The Constitutional Court will tomorrow consider a request from the Election Commission to disband the Thai Raksa Chart Party as punishment for nominating a member of the royal family as its sole candidate for prime minister. The judges unanimously agreed two weeks ago to consider the matter.
The commission accuses Thai Raksa Chart, in putting forward Princess Ubolratana’s name (with her blessing), of trampling on a long-standing tradition embraced by both the palace and society that the monarchy remains aloof from mundane politics. A dozen hours after Ubolratana accepted the nomination, pointing out that she is now a commoner, His Majesty the King, her brother, formally sounded his disapproval. A commoner she might be, was the message, but she was still a member of the Royal Family and as such could not appropriately play a role in politics.
Ubolratana has not been asked to appear in court tomorrow.
Thai Raksa Chart is another offshoot of the political network through which self-exiled former premier Thaksin Shinawatra continues to wield influence in Thai affairs. Its dissolution would be a major setback for his camp. Party insiders have said they’re prepared for that eventuality, but it will be more difficult for them to accept a lifetime ban from politics being imposed on key senior members. Chaturon Chaisaeng, who is not on the party executive but is very much a leader, could be sent to the wilderness. The case is unprecedented and the outcome thus almost impossible to predict.
Thai Raksa Chart almost certainly expected Ubolratana’s nomination to be a knockout blow and its ticket to power. His Majesty’s intervention was an unexpected and devastating counter-punch that effectively put incumbent Prime Minister Prayut Chan-o-cha back in the driver’s seat. If Thai Raksa Chart is dissolved, however, there will be repercussions. Thaksin’s admirers feel the Bangkok elite has already bullied them enough, and the Election Commission’s latest action will only add to the sense of unfairness.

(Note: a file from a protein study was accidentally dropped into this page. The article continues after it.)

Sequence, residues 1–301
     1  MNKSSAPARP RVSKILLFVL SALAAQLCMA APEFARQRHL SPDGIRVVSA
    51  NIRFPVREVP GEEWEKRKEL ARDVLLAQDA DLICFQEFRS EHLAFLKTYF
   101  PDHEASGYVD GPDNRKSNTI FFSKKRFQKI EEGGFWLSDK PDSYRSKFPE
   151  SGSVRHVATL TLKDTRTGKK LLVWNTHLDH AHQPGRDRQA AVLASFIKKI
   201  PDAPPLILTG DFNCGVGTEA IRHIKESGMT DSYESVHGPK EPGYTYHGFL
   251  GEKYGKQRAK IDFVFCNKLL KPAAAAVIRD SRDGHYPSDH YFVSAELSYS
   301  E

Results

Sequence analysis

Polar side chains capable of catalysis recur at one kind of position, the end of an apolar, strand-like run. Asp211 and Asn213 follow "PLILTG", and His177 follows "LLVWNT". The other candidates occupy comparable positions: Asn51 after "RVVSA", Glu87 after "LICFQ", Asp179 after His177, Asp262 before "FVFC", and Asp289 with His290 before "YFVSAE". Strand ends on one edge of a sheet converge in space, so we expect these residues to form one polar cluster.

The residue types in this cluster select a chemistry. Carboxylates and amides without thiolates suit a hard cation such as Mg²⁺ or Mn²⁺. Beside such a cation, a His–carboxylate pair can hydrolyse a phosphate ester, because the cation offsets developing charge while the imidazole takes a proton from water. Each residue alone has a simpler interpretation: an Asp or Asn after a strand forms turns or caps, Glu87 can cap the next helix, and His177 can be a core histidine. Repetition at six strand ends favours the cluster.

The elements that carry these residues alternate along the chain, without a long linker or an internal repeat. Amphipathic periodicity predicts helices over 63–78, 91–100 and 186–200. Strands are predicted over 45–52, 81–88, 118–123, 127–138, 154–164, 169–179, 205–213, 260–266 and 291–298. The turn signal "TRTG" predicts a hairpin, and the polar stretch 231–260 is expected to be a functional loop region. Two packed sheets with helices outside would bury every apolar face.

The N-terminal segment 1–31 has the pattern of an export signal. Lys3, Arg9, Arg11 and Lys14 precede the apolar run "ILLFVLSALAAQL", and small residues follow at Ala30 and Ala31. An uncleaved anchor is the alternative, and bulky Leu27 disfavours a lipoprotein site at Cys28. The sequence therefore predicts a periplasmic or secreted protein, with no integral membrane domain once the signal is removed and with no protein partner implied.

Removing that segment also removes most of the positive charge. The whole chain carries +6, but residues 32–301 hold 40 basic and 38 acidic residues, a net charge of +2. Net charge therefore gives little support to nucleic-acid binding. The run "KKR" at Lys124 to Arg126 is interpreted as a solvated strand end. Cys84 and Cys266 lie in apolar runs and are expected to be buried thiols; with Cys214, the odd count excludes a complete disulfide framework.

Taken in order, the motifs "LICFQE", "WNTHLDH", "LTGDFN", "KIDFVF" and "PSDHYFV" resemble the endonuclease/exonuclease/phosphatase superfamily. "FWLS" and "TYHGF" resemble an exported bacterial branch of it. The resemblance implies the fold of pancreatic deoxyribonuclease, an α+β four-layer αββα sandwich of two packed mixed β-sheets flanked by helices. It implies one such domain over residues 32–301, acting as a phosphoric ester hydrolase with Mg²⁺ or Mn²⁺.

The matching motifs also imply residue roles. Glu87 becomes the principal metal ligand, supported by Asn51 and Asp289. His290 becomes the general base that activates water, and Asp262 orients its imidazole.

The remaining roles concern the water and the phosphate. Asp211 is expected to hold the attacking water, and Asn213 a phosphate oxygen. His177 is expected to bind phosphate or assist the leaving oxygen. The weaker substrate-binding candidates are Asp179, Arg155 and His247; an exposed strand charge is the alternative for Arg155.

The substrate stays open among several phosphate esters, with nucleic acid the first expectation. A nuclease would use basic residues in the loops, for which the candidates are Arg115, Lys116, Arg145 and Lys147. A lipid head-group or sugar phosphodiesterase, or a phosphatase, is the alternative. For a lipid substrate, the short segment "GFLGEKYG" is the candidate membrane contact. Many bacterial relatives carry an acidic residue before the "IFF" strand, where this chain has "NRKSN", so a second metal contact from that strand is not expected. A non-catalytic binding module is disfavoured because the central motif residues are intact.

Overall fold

A pertinent question in the face of this is whether the March 24 election itself will be seen as a fair – or merely as “good enough”. Well, we have been living with “good enough” for far too long. The referendum on the junta-drafted constitution, which was preceded by the barest minimum of public debate, was merely good enough. The junta’s vaunted social and economic reforms never materialised, so we had to settle for the intent alone as good enough.
With Thaksin’s red-shirt movement still a force to be reckoned with, the squashing of Thai Raksa Chart would throw petrol on an already dangerous blaze. With Thailand’s international reputation in tatters thanks to junta missteps, harassing Thai Raksa Chart will do no one any favours.
Adding to concerns over the coming election is the possibility of substantial ballot protests in constituencies where Thai Raksa Chart has been predicted to win. Its ally, the Pheu Thai Party, has not fielded candidates in those places and, disliking the choice remaining should Thai Raksa Chart be dissolved, its supporters might well choose to spoil their ballots. If enough of them do so, there could be a knock-on impact in Parliament.
Clearly, Thailand’s next steps have far-reaching implications, and on many levels. What is at stake here goes well beyond the eligibility or ineligibility of a member of the Royal Family to occupy political office – and even beyond the dissolution of a party aligned with one of Thai history’s most divisive figures.
Published : February 25, 2019
By : The Nation